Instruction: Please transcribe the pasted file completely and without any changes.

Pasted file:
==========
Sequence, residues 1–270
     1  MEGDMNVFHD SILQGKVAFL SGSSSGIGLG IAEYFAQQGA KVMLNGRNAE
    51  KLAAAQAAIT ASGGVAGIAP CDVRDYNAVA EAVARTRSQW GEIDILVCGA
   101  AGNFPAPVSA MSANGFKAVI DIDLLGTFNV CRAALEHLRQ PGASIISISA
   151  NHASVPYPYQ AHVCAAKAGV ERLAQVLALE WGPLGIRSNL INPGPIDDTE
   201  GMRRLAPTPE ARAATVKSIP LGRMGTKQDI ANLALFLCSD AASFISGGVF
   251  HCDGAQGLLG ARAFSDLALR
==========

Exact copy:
Sequence, residues 1–270
     1  MEGDMNVFHD SILQGKVAFL SGSSSGIGLG IAEYFAQQGA KVMLNGRNAE
    51  KLAAAQAAIT ASGGVAGIAP CDVRDYNAVA EAVARTRSQW GEIDILVCGA
   101  AGNFPAPVSA MSANGFKAVI DIDLLGTFNV CRAALEHLRQ PGASIISISA
   151  NHASVPYPYQ AHVCAAKAGV ERLAQVLALE WGPLGIRSNL INPGPIDDTE
   201  GMRRLAPTPE ARAATVKSIP LGRMGTKQDI ANLALFLCSD AASFISGGVF
   251  HCDGAQGLLG ARAFSDLALR